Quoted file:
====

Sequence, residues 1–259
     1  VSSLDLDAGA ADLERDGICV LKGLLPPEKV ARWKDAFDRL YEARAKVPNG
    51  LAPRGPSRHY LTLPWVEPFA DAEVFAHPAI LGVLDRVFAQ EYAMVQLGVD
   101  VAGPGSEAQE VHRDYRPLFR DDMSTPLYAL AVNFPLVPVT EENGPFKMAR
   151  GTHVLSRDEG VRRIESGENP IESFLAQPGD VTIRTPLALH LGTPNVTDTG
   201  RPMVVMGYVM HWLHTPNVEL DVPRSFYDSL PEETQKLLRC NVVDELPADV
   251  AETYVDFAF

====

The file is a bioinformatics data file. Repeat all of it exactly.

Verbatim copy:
Sequence, residues 1–259
     1  VSSLDLDAGA ADLERDGICV LKGLLPPEKV ARWKDAFDRL YEARAKVPNG
    51  LAPRGPSRHY LTLPWVEPFA DAEVFAHPAI LGVLDRVFAQ EYAMVQLGVD
   101  VAGPGSEAQE VHRDYRPLFR DDMSTPLYAL AVNFPLVPVT EENGPFKMAR
   151  GTHVLSRDEG VRRIESGENP IESFLAQPGD VTIRTPLALH LGTPNVTDTG
   201  RPMVVMGYVM HWLHTPNVEL DVPRSFYDSL PEETQKLLRC NVVDELPADV
   251  AETYVDFAF